Length 2.8 metres / 9.2 feet
Speed 10 knots (Trent) or 25 knots (Broads)
Propulsion Single Mariner outboard of 5hp (Trent) or 10hp (Broads)
Endurance 2 hours at top speed
Crew One or Two
Launch Normally launched from the "mother" lifeboat
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Y class inflatable lifeboat in storage compartment of Tamar class lifeboat
Photo taken by Robert Kilpin. Used under GNU Free Documentation License
General Information Stored fully inflated in a compartment behind the transom of the "mother" lifeboat. Mother boats are now Severn and Tamar class lifeboats. (Y boats were used on the Arun class lifeboats before these were retired.)
Length 3 metres (9 ft 8 in)
Speed 25 knots (29 mph / 46 kph)
Range Within visual range of the mother lifeboat.
Crew One or Two
Launch Launched from rear of "mother" lifeboat
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Boarding boat used to reach the moored-afloat All Weather Lifeboat at St Marys, Isles of Scilly
General Information A variety of vessels are used as boarding boats to get from the shore to the lifeboats that are moored afloat away from any pontoon or harbour wall.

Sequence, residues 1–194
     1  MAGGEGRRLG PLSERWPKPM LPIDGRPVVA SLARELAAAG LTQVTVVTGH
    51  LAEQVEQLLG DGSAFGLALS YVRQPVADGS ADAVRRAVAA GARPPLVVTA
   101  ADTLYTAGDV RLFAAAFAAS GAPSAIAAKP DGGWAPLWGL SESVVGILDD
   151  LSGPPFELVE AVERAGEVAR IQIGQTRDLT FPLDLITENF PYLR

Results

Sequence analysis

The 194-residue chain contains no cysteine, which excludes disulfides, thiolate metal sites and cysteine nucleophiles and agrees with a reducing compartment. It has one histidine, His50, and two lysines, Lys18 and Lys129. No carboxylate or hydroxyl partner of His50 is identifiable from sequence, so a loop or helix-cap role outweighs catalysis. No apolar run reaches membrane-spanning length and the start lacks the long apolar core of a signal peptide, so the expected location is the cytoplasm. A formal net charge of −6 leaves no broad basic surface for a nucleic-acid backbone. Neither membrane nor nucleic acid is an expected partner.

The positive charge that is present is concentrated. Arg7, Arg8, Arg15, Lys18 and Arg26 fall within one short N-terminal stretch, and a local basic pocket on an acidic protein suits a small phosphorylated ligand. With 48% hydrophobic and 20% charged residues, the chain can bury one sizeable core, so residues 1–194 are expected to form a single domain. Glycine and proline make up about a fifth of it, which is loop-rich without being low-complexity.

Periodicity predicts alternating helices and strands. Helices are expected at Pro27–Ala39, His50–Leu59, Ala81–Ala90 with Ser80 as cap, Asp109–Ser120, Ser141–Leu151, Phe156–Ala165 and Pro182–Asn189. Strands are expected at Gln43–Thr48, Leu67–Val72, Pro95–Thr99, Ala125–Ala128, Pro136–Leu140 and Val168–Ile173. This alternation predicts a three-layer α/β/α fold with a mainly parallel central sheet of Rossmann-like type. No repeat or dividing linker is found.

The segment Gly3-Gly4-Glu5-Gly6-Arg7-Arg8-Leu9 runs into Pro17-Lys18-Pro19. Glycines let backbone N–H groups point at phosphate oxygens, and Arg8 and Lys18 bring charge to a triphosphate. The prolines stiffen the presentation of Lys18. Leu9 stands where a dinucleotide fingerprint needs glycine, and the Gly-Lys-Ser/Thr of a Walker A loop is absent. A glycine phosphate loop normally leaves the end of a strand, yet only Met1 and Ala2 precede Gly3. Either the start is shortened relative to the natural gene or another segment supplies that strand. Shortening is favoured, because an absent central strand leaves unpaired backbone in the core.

At St Mary's on the Isles of Scilly the boarding boat is launched down the lifeboat station slipway to get the crew to the Arun class lifeboat stationed on a harbour mooring. This is the only place in the UK where this happens. (See image above)
Specifications A variety of boats are used as boarding boats, including inflatables, but no standard RNLI boarding boat.
Launch Various methods of launching: Slipway (St Marys IOS only), davit, crane or moored alongside the harbour.
Cornish Stations BB-234 at St Mary's, Isles of Scilly
BB-235 at Falmouth
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Arancia inflatable lifeboat
General Information This is a small Beach Rescue Craft used mainly for surf rescue and operated from the beach. Used by the RNLI since 2001. They are are hand-built at the RNLI Inshore lifeboat centre in Cowes. The Arancias are also used by the RNLI Flood Rescue Teams.
Length 3.88 metres (12.7 feet)
Speed 22 knots
Beam 1.73 metres (5.7 feet)
Range 20 nautical miles
Construction Bonded dupont hypalon polyester 1100 duratex
Crew Two
Weight 165 Kg
Launch Trailer or trolley
Cornish Locations The South West Flood Rescue Team is based at Saltash.

RNLI Lifeguards patrol the following beaches in Cornwall: Gyllynvase, Poldhu Cove, Praa Sands, Porthcurno, Sennen, Gwenver, Porthmeor, Porthminster, Hayle Towans, Mexico Towans, Upton Towans, Gwithian, Godrevy, Portreath, Chapel Porth, St Agnes, Perransands, Holywell, Crantock, South Fistral, Great Western, Tolcarne, Porth, Watergate Bay, Mawgan Porth, Porthcothan, Treyarnon, Constantine, Booby’s Bay, Trevone, Trebarwith, Black Rock, Crooklets and Sandymouth.